Exeter, Devon UK • Jul 18, 2024 • VOL XII

Exeter, Devon UK • [date-today] • VOL XII
Home Music Album Review: Deep Down Happy – Sports Team

Album Review: Deep Down Happy – Sports Team

Print Music Editor Oliver Leader de Saxe decides if the hype surrounding indie up-and-comers is worth it on their debut record
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Album Review: Deep Down Happy – Sports Team

Print Music Editor Oliver Leader de Saxe decides if the hype surrounding Sports Team is justified on their debut record

There’s a strange cultural obsession in recent years about music that “captures the zeitgeist”; the incessant need for an album or artist to encapsulate the time there’re living in. In recent years the “zeitgeist” has become increasingly bleak and dark, often realised in the form of minimalist-backed pop or trap to reflect a world seemingly slipping into oblivion. So you’ll be surprised to hear that, at time of writing, one of the big contenders jostling for a number one album are a plucky bunch of upbeat, guitar-driven indie-rockers shamelessly singing about gardening, Weatherspoons and Demi Moor.

Sports Team’s presence is a welcome return to a very different era of music. From somehow selling out the Scala despite having less twitter followers than the capacity of the venue, to giving away their numbers on a WhatsApp group with their fans, the Cambridge sixsome’s brand of mid-2000s bohemianism feels wildly out of time in the best way possible. Which probably explains their recent stratospheric success; I can’t think of a better respite from the doom and despair which has dominated the headlines than a track as joyfully simple as ‘Fishing’ for instance.

Simplicity is Sports Team’s ethos. Their songs all follow a pretty familiar structure, and most experimentation is largely left to production quirks and the like. But this simplicity means each track is streamlined and concise. There isn’t a wasted moment on the album. In the aforementioned ‘Fishing’ we go from sing-along choruses to a mellow bridge, via twinkly piano lines that nest themselves beneath distorted guitars and kaleidoscopic drumming, all within the space of three minutes. Sports Team’s simplicity doesn’t come from any deficiency in musical or lyrical ability, but from straight-forward songwriting.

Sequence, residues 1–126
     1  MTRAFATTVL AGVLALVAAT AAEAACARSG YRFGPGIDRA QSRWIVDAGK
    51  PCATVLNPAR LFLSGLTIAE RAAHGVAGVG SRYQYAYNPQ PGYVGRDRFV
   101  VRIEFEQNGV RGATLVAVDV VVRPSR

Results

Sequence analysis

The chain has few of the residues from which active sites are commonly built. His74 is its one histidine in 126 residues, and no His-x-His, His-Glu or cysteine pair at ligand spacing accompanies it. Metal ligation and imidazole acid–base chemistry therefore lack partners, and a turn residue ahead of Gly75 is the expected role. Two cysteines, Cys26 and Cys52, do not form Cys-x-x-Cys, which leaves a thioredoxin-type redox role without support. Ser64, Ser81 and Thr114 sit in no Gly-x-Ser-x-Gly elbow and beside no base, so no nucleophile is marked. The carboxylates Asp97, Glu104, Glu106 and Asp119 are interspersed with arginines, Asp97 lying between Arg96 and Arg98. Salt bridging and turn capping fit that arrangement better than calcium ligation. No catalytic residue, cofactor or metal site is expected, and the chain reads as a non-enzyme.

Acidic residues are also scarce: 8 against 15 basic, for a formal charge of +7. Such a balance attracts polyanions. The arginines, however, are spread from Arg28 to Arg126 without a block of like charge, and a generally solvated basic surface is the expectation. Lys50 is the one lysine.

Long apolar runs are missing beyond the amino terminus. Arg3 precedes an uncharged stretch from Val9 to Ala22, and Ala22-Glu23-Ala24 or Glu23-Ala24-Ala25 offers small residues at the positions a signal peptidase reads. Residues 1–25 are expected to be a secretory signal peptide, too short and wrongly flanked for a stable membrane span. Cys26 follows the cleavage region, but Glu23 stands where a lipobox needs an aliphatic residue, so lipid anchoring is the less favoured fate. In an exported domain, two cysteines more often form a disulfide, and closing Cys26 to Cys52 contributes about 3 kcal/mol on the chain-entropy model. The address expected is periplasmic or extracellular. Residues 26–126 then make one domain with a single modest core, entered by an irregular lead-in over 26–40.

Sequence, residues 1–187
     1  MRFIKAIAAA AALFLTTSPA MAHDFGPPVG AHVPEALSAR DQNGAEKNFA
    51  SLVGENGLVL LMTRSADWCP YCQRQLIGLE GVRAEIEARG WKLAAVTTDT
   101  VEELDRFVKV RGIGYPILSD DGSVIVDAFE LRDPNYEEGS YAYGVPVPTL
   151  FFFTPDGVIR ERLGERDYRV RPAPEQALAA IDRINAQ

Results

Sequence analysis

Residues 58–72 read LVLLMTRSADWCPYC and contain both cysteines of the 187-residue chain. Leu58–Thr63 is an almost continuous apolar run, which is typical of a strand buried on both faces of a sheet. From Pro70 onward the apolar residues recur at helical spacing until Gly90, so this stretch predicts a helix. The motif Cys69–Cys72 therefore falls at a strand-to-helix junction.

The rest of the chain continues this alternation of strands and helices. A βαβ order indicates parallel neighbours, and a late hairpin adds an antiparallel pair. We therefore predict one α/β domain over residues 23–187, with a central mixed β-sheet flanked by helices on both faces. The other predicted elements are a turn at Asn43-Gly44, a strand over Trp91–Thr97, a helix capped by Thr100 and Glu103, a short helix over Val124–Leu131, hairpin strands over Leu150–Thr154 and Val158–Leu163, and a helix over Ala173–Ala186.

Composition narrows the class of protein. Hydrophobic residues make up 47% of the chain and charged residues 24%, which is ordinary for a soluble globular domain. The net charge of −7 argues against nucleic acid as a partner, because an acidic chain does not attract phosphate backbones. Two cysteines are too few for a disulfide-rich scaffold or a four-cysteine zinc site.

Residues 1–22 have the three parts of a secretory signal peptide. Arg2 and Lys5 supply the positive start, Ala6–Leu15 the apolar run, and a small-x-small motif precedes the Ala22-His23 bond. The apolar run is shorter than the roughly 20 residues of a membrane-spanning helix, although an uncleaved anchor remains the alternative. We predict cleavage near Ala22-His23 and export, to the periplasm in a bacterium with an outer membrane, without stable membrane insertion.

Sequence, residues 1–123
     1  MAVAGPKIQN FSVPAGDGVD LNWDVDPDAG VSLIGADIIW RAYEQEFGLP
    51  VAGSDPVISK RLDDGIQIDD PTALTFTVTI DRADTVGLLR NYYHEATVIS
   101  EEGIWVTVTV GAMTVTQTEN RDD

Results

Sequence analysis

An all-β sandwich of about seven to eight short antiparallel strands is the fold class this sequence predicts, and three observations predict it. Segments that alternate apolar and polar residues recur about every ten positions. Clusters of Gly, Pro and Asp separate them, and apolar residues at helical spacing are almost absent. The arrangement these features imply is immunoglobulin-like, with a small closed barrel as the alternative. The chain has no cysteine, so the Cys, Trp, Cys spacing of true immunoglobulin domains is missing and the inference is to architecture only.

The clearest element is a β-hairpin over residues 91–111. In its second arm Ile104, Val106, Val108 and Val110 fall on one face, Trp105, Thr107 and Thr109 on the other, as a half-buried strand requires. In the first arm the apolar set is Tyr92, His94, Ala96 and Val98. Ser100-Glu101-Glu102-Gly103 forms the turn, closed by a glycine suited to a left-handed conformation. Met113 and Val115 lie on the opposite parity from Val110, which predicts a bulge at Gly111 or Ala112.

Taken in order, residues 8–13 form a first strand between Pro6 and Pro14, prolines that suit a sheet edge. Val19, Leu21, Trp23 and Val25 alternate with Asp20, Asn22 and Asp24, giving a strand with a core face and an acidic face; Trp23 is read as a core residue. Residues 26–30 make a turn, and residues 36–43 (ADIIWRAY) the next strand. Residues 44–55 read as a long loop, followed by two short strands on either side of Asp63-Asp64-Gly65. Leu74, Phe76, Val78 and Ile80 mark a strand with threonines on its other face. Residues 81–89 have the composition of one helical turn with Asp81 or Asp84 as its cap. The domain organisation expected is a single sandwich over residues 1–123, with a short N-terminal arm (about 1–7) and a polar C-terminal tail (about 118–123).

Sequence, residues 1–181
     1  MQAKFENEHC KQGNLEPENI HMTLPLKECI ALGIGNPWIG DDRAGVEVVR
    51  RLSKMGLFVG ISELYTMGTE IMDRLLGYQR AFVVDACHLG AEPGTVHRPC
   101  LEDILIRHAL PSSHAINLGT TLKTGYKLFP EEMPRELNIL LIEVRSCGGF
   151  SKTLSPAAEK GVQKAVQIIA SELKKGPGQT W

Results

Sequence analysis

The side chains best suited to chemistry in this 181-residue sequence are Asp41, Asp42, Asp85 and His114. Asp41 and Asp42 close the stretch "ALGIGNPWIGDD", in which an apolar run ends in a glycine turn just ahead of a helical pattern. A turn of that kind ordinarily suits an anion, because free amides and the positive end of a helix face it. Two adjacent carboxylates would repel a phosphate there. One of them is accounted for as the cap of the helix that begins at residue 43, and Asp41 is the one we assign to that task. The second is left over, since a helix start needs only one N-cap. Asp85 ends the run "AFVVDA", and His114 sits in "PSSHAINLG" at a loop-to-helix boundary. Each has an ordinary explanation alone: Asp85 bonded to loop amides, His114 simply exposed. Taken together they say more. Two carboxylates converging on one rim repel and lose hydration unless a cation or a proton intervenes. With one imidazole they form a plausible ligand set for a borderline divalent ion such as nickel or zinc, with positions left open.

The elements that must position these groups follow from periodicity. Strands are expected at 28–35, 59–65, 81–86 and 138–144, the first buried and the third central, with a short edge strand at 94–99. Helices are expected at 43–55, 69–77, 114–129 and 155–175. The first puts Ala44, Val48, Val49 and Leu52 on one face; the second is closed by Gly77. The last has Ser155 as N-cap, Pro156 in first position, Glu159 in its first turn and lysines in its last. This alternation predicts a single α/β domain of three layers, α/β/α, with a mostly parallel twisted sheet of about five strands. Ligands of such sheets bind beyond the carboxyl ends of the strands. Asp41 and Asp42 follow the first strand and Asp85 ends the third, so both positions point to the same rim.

As if Franz Ferdinand is being fronted by Middle England’s answer to Talking Head’s David Byrne.

‘Here It Comes Again’ is another raucous rock song which doesn’t outstay it’s welcome, barely scraping the two minute mark, all the while begging to be moshed to. Lead guitarist Henry Young’s riffs are the beating heart of the record, and the quirky phased-out licks throughout the verses drip with character. But the guitar highlight on the record is ‘Going Soft’, with the fuzzy Pavement-influenced solo bleeding into staccato rhythm guitars that ring out in the background.

And if the guitar work is the heart of the record, then frontman Alex Rice’s voice is the soul. His tense, half-shouted delivery and carefree, conversational attitude brings a post-punkish flare to the proceedings; it almost sounds as if Franz Ferdinand was fronted by Middle England’s answer to Talking Head’s David Byrne, which is no bad thing. When he proclaims “I just wanted to be your mid-noughties MTV star” on ‘Kutcher’, the dorky erraticism of the statement is hard not to smile at.